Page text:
The angelic voices of the Hofstra Chorale and Chamber Choir singers rang out again on Friday night, as Dr. David Fryling – professor of music – conducted yet another masterful performance at the Cathedral of the Incarnation in Garden City.
As with most of their performances, the Chorale and Chamber singers cover a diverse array of compositions, from traditional to more avant-garde pieces.
This semester’s performance opened with an experimental offering, as the entire Chorale sang Tarik O’Regan’s “I Had No Time to Hate.” The performers stood in an unusual configuration for this first piece, making a sort of U-shape around the audience, with the sopranos and altos to the front and the tenors and baritones/bases farther back.
The performance began with a shout, with the sopranos and altos opening up before the tenors and bases joined in, while soprano Courtney Cox and tenor Matthew Ho took the lead with wonderful solos.
Probably the most fascinating part was the accompanying American Sign Language interpretation, which was passionately executed by alto Rebecca Skolnick.
With the first piece completed, the Chorale singers walked off as the Chamber Choir began their portion of the night, singing Dominick DiOrio’s “A Dome of Many-Coloured Glass” (the theme of the night).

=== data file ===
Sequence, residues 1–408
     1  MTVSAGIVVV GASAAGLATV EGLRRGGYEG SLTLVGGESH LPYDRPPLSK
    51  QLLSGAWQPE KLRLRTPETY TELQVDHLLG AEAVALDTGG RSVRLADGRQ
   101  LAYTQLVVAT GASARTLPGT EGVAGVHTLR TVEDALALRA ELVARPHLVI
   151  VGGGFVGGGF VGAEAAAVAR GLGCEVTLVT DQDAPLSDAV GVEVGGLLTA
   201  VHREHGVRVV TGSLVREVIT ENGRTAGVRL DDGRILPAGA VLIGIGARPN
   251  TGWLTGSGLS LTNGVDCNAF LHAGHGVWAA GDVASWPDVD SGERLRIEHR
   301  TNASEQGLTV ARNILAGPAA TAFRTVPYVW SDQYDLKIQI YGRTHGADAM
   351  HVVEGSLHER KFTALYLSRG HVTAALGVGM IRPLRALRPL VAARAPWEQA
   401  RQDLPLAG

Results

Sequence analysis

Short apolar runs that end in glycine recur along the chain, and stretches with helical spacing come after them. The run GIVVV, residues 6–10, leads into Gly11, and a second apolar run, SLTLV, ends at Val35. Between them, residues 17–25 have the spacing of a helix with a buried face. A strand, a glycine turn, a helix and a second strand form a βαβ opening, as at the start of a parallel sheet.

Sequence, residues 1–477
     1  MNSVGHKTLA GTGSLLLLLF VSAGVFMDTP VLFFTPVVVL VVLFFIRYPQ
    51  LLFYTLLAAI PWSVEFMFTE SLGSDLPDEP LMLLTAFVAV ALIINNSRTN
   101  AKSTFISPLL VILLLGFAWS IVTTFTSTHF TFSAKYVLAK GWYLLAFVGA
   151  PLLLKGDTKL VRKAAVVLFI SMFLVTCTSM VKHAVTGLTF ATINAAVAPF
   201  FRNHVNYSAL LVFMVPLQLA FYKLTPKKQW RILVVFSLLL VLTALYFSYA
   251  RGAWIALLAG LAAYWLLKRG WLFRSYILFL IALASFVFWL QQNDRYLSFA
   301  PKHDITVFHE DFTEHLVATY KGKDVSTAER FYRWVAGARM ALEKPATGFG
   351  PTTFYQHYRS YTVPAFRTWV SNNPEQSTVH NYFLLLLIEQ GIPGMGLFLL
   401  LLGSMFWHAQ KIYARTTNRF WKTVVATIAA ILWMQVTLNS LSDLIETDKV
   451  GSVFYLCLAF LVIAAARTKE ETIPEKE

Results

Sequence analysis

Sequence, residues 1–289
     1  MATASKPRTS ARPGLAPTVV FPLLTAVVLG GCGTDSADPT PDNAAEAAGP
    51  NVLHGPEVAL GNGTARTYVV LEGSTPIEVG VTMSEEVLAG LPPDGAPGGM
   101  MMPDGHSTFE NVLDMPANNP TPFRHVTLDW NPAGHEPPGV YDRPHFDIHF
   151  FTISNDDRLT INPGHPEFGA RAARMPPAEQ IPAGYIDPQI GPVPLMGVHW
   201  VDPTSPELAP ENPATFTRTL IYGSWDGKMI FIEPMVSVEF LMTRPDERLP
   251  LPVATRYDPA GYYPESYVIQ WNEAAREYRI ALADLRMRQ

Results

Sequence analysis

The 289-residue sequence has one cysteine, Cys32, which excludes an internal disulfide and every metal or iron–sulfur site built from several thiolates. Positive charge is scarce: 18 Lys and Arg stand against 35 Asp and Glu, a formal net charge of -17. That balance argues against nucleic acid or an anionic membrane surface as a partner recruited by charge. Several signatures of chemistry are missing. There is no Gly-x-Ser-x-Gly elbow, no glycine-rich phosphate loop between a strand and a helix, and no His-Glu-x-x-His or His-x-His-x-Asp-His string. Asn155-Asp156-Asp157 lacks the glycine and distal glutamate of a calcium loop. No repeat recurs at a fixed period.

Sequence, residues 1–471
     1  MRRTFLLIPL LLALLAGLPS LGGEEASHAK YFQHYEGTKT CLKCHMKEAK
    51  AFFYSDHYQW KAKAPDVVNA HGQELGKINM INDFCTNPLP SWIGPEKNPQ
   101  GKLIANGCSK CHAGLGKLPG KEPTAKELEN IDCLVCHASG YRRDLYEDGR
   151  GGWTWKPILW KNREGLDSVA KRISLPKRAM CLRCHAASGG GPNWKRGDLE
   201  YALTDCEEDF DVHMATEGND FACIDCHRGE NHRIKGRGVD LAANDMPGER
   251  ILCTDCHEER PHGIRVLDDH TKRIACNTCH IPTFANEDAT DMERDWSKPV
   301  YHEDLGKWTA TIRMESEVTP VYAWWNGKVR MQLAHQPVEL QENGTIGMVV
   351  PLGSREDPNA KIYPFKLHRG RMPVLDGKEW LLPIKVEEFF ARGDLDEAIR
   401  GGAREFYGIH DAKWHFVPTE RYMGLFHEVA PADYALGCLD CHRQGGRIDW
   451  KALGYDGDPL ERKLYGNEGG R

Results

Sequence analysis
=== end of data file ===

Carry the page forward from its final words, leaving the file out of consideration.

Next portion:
Along with the constant excellence of the Chamber Choir’s vocal performers, the accompaniment of Bryan Wysocki on marimba gave the performance an extra edge, permeating the silences with his nimble and energetic instrumentation. Wysocki’s mastery of his instrument is, by all accounts, unmatched and this performance showed nothing different. Soprano Sydney Coelho sang solo with her commanding, confident vocal performance soaring high above the rest of her counterparts. The final movement ends with a brilliant, sudden stop, making way for the rest of the Chorale singers to return to the stage for the final two acts.
Johannes Brahms’ “Nänie” began with a lengthy opening organ section, played with no hitches by Matthew Koraus. This is the second time this school year the Chorale and Chamber show has implemented an organ accompaniment, and it paid off handsomely.
It is worth mentioning that while last semester’s performance opened up with a more explosive organ entrance, this time the accompaniment was much tamer. However, the explosiveness of the church’s holy instrument did return somewhat in the final piece, Gabriel Fauré’s “Requiem.”
The Chorale singers, as always, hit every note with quality and precision throughout both pieces, and baritones Alex Herron and Nevin Shah gave excellent, expressive solos to match.
The final movement, “In Paradisum,” ended on a quieter, somber note, as the vocals slowly came to a stop and the audience came to a complementary roar of applause.
Fryling’s tradition of Chorale and Chamber alumni returning to the stage for “I Have Had Singing” closed the night, concluding another first-rate program on a harmonious note.